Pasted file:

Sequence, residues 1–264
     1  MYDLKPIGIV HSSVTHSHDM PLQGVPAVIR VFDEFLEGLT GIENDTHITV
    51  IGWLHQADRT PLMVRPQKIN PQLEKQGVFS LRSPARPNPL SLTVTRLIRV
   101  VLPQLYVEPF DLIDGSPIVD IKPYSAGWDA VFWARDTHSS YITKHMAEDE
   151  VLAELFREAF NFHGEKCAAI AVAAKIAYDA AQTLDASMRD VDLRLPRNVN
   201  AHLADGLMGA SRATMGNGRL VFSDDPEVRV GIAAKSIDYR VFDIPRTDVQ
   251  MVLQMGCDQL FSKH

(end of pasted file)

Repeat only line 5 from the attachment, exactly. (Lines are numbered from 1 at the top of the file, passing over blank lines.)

   151  VLAELFREAF NFHGEKCAAI AVAAKIAYDA AQTLDASMRD VDLRLPRNVN